From an authentication perspective, the basic principle behind a lock and key system is simple — only the person in possession of the right key will be able to gain access to the treasure hidden behind the lock. The modern day password is built on the same premise, where users' accounts are protected by unique passwords that are personal and private, which only users have knowledge of.
However, with the password system constantly under attack by cybercriminals, security vendors and providers all face the same challenge: when it comes to passwords, how do we balance the need for convenience against complexity, to provide users with the seamless experience that they demand?
In Singapore a password system used by many is SingPass, which citizens can use to access numerous government portals. SingPass works by using an individual's identification number, or NRIC, as a username to which they can create their own password. However, while each person's NRIC number should be confidential, the importance of safeguarding this personal data is often overlooked — by both consumers and businesses. In a recent case, hackers broke into a karaoke company's membership database and stole the personal details of hundreds of thousands of customers, before sharing them online for anyone to download.
With customer details such as NRIC numbers exposed, attackers only need to guess the password to gain access to a user's account. This could be done through brute force attacks, where attackers will try every possible combination of a password until they 'guess' the right one.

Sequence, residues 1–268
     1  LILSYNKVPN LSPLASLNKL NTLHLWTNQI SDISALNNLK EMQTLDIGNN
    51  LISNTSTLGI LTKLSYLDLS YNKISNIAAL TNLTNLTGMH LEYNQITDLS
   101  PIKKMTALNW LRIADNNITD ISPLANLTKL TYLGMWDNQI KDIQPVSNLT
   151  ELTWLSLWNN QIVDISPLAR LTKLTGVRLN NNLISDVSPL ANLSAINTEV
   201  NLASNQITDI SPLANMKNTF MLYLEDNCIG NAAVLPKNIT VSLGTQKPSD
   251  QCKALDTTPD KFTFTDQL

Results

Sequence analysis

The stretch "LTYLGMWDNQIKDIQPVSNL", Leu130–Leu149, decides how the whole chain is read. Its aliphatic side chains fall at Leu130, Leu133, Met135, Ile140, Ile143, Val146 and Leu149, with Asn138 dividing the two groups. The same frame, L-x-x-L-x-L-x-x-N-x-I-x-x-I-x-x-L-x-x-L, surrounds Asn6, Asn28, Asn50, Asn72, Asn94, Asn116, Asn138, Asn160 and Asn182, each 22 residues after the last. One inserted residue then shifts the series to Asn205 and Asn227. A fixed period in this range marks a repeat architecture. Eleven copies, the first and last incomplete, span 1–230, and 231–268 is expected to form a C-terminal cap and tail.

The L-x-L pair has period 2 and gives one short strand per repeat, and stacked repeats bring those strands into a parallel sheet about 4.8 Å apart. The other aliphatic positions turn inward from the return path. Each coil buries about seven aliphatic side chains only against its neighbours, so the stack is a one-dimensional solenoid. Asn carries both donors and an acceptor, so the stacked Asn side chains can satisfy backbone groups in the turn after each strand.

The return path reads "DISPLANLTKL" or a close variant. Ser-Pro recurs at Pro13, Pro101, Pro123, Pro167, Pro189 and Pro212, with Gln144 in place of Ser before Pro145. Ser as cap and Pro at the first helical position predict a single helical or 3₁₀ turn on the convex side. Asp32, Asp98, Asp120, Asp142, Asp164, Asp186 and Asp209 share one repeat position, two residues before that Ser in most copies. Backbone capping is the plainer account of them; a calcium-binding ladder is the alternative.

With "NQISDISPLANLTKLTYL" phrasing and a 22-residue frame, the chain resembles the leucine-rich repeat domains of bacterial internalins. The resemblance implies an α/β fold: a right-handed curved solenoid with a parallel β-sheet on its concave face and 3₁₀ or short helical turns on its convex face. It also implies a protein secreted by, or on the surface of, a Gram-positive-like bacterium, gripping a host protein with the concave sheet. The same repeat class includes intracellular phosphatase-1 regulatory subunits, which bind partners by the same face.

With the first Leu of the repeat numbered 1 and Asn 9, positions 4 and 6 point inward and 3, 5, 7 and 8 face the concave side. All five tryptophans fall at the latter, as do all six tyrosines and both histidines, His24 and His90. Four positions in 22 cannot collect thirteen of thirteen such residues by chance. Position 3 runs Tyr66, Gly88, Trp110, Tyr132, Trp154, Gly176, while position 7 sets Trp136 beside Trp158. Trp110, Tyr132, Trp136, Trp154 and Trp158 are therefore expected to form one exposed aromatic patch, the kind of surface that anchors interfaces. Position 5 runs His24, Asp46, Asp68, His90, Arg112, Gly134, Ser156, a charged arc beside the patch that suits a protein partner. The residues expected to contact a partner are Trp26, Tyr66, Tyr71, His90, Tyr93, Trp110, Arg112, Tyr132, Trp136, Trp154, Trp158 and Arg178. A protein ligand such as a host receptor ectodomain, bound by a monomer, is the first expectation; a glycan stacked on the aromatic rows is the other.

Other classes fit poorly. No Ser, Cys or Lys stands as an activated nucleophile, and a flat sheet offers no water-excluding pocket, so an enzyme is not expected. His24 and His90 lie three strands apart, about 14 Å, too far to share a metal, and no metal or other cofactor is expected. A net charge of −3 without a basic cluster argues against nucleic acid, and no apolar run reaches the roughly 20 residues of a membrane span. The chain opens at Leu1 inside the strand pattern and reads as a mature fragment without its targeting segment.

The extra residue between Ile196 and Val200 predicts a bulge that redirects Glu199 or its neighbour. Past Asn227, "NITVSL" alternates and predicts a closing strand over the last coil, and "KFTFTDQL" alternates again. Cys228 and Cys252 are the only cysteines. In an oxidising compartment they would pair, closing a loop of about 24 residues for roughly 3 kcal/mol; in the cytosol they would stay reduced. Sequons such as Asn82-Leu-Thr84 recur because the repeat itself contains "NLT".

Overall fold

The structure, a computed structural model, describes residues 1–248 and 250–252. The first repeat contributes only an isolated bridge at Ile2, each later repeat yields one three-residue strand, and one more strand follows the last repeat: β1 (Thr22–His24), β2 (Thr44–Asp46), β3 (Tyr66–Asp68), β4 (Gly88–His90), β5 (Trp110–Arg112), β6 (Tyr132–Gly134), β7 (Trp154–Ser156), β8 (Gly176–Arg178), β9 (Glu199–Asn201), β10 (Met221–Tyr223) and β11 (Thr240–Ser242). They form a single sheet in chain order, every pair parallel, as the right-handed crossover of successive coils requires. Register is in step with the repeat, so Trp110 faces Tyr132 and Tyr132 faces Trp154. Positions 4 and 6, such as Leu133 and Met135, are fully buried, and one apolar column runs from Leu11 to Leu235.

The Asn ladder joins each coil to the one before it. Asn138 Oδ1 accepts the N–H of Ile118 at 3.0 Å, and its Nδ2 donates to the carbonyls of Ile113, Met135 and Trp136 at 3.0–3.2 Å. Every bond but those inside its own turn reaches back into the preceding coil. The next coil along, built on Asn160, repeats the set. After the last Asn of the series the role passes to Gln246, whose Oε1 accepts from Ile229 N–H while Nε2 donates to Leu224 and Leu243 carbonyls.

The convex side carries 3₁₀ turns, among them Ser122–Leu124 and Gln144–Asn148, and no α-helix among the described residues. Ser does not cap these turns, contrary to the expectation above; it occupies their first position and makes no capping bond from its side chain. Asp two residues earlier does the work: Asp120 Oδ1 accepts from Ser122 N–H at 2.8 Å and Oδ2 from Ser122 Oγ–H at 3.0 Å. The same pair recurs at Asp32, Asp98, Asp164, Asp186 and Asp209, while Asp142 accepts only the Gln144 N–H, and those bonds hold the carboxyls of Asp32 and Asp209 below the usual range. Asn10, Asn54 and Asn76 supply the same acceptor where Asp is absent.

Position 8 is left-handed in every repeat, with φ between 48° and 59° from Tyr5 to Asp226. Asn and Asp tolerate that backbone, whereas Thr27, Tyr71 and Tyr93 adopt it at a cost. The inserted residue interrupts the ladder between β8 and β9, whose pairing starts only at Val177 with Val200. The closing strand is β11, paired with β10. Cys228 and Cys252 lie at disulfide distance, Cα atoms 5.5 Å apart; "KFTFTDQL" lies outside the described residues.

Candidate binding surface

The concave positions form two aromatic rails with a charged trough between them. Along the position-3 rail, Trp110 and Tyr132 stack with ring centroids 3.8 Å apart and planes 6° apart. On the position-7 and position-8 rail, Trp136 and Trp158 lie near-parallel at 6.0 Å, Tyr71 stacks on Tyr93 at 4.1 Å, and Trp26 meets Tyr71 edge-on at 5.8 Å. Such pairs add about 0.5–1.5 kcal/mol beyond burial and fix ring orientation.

The effectiveness of such attacks are limited to sites that do not enforce a strict number of password attempts within a short period of time, or have a fixed format, but it still demonstrates the ease through which some password systems can be compromised. In addition, as the format of the NRIC number is known, attackers can still craft their own list of valid NRIC numbers and guess the passwords to gain access to users' accounts. If weak passwords were used, even enforcing a strict number of password attempts within a short period of time may not be an effective counter-measure at all.
Adopting multi-factor authentication techniques such as one-time passwords or iris and fingerprint scanning may provide alternate safeguard methods, but at times they may not be the safest options. The solution to protecting valuable information lies in users' behaviour, which is ultimately how we can prevent our personal online assets and identities from being compromised.
Here are a few best practices that users should follow to improve their security odds:
- Use unique passwords for each individual site you visit — a password manager, such as Norton Identity Safe, can help to securely store your passwords for online services.
- Avoid common passwords and use a mix of upper and lowercase alphabets, numbers and special characters — some websites even allow unique characters in multiple languages.
- If you suspect that your information has been compromised, change your password — it's also best to change your passwords regularly. Do not recycle old passwords!
- Where available, use two-factor authentication — Symantec's Validation and ID Protection (VIP) Service allows businesses to use two-factor and risk-based token-less authentication.
The bottom line is that we need to avoid a complacent mindset and make sure that we install proper security protection and develop positive safety habits, to prevent the loss or stealing of our personal information.
Sign up for Computerworld eNewsletters.